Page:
Poll: Most Americans want a special prosecutor for the IRS

Updated
Attorney General Eric Holder, the nation's top law enforcement official, testifies on Capitol Hill in Washington, Wednesday, May 15, 2013, before the House...
Attorney General Eric Holder, the nation's top law enforcement official, testifies on Capitol Hill in Washington, Wednesday, May 15, 2013, before the House...
J. Scott Applewhite/AP Photo

In the midst of a high-drama month in Washington, four to one Americans want an outside investigator to possible abuses at the Internal Revenue Services.

According to a new Quinnipiac poll, Americans support an IRS special prosecutor by 76% to 17% in light of reports that the agency had improperly targeted conservative groups seeking tax-exempt status.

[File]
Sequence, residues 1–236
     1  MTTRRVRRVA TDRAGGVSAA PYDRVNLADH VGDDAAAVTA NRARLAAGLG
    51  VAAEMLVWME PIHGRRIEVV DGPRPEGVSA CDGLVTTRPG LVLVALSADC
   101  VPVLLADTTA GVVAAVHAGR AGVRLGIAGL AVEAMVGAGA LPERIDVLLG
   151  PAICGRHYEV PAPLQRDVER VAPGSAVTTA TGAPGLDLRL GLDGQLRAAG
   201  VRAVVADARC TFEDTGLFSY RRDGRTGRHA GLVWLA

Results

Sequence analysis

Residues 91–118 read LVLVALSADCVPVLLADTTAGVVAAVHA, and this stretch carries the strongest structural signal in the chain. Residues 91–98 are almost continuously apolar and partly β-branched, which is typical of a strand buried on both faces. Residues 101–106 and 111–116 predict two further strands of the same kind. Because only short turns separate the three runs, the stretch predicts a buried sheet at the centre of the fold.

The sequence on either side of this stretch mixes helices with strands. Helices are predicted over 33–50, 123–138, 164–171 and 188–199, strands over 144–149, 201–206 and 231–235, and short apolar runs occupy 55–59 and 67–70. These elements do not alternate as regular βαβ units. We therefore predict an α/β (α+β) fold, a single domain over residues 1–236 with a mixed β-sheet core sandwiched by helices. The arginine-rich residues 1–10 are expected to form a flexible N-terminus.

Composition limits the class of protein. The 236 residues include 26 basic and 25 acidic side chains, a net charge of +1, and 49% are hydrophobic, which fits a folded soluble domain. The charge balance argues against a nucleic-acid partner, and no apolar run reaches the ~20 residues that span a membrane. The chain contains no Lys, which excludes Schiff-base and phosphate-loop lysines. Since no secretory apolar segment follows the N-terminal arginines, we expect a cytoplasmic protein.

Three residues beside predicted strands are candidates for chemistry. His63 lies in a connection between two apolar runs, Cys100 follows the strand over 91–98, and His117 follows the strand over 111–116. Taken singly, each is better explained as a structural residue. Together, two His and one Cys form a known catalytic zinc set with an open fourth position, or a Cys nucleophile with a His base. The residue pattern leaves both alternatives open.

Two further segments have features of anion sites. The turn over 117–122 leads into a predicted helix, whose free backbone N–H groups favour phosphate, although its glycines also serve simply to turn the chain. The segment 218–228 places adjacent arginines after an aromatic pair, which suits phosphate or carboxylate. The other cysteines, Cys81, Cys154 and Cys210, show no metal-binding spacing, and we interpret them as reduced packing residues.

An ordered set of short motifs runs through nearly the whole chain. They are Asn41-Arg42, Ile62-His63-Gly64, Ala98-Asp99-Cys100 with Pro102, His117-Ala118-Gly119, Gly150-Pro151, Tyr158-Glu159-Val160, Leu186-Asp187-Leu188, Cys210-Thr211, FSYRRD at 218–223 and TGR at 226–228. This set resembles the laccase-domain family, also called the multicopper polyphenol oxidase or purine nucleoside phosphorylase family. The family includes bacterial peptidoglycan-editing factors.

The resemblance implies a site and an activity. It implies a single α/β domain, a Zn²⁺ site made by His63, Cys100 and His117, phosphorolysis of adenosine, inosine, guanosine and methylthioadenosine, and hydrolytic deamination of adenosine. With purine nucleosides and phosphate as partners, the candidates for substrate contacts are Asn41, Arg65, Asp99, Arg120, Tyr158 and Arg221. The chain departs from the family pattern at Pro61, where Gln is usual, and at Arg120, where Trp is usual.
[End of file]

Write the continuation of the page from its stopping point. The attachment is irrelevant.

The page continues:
“There is overwhelming bipartisan support for a special prosecutor to investigate the IRS,” Peter Brown, assistant director of the Quinnipiac University Polling Institute, said in the poll data. “Voters apparently don’t like the idea of Attorney General Eric Holder investigating the matter himself, perhaps because they don’t exactly think highly of him.”

According to the poll, Holder has a negative 23% to 39% job approval rating.

President Obama’s approval rating also suffered a minor blow and is down four points to 45% since the beginning of the month. Once again his disapproval rating is higher at 49%, compared to 45% disapproval from May 1.

Though most Americans want a special prosecutor for the IRS case, 73% of respondents want Washington’s priority to be handling the economy and unemployment, compared to the 22% who think the focus should be on investigating the issues at hand. A recent Gallup poll found that similar results with only 54% of Americans actively following the IRS scandal, while 53% are paying attention to the hearings on the terrorist attacks last year in Benghazi, Libya.

Poll: Most Americans want a special prosecutor for the IRS

Updated